As Guy Raz in his book “How I Built This” writes; “They bootstrapped the business for two solid years, through website rebuilds, business model pivots, press inquiries, photo shoots, credit card debts, and mountains of ramen. “Cereal too,” Joe would be quick to add. At first, they bootstrapped because they wanted to, because it was the smart thing to do. Then they bootstrapped it because they had to, because it was the only thing to do.”
Pros and Cons of Bootstrapping
Bootstrapping allows you to keep the ownership of your business/company. Even in case of a partnership, you may end up with a relatively larger share of equity/ownership of a business. Since, you are not injecting external money in the business to fund it, you maintain control of your company’s ownership.
Steer in the Direction of Your Choice
When you accept funding from sources other than yourself or your partners, you not only lose ownership of the business but this also brings in other stake holders into the mix. This results in external pressure and you become responsible for taking care of the investor’s interests as well. This may also lead to a change in the direction of the company.
Source of Motivation
Starting something from scratch and making it work is not a small feat. However, for some entrepreneurs, this is the only thing that is driving them forward. The sense of accomplishment of creating something valuable is extremely motivating.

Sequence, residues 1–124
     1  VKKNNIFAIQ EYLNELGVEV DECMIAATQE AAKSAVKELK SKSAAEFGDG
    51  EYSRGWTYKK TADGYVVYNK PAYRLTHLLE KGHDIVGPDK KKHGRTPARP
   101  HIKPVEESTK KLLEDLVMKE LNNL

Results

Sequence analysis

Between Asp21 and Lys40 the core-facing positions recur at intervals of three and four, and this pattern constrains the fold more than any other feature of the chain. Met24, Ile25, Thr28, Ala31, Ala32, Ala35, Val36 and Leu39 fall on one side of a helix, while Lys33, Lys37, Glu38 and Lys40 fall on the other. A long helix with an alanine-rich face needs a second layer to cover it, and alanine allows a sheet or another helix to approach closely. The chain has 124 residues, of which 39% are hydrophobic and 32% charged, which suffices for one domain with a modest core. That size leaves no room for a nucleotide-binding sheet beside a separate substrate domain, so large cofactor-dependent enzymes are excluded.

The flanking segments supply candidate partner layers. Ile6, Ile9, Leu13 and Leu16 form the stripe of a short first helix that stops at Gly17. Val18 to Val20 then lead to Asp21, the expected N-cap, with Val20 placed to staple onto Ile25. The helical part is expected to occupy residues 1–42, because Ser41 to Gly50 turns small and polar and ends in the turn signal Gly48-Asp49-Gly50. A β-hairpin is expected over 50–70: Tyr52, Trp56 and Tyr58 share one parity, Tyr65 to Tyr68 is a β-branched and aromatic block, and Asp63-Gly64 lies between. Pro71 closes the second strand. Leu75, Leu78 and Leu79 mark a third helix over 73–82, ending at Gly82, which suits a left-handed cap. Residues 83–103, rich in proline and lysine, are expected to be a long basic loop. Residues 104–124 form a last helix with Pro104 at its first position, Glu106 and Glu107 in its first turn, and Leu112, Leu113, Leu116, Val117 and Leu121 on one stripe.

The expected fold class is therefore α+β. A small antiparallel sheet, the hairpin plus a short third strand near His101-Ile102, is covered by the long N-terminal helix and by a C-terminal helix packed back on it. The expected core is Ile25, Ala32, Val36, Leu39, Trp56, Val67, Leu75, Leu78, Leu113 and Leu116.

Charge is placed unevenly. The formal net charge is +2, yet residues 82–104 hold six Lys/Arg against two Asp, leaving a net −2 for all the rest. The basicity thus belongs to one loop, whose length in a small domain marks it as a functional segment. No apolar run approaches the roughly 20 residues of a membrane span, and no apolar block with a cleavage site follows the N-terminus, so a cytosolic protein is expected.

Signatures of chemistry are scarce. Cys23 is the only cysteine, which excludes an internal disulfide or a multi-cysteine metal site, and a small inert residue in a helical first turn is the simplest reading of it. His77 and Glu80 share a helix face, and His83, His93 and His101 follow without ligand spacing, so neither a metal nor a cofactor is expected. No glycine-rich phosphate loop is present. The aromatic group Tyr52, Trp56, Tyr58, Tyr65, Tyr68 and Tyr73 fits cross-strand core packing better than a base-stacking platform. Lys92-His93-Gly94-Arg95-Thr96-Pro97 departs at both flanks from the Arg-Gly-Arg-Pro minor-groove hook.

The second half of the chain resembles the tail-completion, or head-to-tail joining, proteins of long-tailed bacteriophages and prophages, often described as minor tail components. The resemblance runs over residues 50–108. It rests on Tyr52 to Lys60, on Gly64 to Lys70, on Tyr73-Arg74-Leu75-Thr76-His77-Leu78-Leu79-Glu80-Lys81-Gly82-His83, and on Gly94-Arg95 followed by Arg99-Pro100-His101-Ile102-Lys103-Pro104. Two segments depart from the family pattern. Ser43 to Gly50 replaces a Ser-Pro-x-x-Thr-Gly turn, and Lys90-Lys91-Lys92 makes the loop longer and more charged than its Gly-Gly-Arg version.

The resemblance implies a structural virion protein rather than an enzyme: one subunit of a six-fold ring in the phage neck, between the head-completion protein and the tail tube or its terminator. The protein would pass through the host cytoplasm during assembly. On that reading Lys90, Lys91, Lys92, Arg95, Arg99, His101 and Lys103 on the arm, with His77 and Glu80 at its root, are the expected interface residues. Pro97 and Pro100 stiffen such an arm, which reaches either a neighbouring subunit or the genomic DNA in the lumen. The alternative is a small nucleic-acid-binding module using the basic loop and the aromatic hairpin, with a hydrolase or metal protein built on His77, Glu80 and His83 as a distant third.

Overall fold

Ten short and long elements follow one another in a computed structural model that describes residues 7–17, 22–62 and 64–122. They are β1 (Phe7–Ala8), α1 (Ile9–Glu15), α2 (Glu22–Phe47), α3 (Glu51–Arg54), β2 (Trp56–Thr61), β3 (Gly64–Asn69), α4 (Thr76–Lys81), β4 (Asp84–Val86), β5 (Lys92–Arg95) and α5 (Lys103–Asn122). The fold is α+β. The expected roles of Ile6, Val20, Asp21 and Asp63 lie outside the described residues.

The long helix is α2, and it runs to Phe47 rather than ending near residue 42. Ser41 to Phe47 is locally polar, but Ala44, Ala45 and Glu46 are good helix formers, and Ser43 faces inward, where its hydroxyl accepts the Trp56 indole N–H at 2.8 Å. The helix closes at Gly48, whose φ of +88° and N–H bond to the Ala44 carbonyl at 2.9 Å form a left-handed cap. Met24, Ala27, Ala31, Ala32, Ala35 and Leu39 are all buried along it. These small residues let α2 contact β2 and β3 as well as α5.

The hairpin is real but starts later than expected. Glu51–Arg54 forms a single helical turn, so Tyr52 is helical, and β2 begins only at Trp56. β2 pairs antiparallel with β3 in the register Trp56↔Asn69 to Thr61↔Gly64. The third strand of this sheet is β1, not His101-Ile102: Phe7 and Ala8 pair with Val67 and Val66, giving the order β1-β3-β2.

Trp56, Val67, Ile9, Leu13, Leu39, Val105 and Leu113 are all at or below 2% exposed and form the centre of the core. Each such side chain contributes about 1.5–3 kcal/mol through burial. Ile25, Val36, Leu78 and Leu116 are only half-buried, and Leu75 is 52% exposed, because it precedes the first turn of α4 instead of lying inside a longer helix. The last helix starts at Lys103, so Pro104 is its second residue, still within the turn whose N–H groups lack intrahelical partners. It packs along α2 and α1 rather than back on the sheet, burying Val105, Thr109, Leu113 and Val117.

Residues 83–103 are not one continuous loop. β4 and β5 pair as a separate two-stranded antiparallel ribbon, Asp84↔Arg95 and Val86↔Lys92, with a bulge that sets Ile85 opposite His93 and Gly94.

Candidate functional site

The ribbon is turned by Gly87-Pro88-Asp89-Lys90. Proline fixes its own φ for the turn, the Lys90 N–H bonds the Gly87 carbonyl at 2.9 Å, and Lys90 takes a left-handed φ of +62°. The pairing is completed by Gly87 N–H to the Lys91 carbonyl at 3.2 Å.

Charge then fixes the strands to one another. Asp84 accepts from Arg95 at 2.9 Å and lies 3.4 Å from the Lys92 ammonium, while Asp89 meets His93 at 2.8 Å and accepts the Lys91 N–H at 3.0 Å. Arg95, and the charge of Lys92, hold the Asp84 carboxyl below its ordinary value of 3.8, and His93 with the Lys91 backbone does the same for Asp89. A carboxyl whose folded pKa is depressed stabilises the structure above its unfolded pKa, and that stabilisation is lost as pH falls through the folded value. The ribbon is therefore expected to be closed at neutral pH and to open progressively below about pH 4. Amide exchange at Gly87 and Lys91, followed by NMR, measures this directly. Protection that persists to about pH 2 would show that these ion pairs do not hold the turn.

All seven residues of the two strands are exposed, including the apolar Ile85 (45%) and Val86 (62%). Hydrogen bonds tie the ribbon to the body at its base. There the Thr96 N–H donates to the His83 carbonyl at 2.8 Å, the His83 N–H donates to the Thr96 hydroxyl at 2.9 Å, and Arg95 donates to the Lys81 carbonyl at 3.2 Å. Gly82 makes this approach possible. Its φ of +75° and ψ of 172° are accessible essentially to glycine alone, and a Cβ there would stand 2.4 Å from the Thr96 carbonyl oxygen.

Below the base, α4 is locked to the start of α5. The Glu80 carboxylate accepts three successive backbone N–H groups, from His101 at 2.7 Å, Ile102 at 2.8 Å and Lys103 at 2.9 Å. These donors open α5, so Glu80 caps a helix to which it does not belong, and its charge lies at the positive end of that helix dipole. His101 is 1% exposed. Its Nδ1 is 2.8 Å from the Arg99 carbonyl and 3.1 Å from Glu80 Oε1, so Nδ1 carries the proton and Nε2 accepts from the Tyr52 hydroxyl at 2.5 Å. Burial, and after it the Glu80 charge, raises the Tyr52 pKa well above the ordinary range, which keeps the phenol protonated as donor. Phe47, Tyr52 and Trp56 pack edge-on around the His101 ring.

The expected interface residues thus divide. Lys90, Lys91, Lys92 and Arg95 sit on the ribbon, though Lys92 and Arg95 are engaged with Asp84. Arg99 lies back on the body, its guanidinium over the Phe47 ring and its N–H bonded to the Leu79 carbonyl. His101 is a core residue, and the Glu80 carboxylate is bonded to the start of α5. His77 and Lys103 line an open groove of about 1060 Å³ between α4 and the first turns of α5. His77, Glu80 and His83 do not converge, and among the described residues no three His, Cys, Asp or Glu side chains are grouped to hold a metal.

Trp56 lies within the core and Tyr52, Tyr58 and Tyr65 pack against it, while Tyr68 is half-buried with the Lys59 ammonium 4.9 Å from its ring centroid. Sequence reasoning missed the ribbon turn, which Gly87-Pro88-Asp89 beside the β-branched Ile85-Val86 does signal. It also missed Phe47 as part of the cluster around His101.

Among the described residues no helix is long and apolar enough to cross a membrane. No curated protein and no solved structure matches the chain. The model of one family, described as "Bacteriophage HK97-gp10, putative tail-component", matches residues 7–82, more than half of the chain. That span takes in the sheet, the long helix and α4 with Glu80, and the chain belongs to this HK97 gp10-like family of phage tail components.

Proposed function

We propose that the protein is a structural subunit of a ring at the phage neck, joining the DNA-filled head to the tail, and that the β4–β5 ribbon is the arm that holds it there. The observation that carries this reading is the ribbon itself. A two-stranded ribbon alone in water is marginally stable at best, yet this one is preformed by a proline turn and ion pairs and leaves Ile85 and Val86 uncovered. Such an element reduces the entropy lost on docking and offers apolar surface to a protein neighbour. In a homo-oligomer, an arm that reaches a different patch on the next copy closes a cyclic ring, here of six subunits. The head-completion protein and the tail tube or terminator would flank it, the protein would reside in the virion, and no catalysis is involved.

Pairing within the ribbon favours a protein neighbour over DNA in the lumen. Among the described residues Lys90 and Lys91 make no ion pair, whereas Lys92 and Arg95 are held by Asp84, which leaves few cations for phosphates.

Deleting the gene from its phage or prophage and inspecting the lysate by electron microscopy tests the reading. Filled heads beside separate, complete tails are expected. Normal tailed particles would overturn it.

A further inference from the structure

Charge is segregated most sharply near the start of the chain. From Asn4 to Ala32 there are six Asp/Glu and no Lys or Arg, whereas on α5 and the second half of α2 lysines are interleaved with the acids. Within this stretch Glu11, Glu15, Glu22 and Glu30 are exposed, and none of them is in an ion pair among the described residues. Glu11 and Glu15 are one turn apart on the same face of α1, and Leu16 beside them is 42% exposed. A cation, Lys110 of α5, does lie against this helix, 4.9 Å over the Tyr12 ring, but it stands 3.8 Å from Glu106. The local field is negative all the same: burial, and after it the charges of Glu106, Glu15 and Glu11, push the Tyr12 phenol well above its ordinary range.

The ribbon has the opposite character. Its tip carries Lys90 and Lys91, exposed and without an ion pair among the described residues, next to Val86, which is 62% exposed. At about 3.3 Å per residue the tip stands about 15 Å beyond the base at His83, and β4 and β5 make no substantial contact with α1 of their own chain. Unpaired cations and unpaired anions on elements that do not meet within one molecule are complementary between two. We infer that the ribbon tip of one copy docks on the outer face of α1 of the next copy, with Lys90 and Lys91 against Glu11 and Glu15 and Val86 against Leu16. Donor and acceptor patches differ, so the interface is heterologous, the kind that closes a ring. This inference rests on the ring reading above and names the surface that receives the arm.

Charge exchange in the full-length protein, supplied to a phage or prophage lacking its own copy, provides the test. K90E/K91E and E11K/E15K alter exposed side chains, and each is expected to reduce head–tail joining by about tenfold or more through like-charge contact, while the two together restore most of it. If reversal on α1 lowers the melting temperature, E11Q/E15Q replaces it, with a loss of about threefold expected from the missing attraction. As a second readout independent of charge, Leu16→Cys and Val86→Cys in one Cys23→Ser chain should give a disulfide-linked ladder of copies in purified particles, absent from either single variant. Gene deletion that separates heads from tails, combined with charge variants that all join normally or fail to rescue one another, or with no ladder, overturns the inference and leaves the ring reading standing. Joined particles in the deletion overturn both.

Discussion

Helps You Focus on Things that Really Matter
When you’re bootstrapping, you understand that your resources are very limited. Therefore, most entrepreneurs focus on the core business and aim to get only the “must have” resources for the company. Budget constraints, painful as they may be, allow you to focus on making a business model/plan and a product/service that can help your company make money.
Low Probability of Survival
Most bootstrapping businesses/startups have cashflow problems. Most of the times they don’t have enough cashflow to get things done that are critical for the survival of the business. This can result in an increasing chance of failure.
Difficulty in Growth
Founders and co-founders are highly motivated by the idea of growing their business. However, growing and expanding mostly means to inject cash in the business, which bootstrap startups often fall short of. Therefore, growth, even though it’s possible, may be very slow and difficult to achieve.
Increased Burden of Work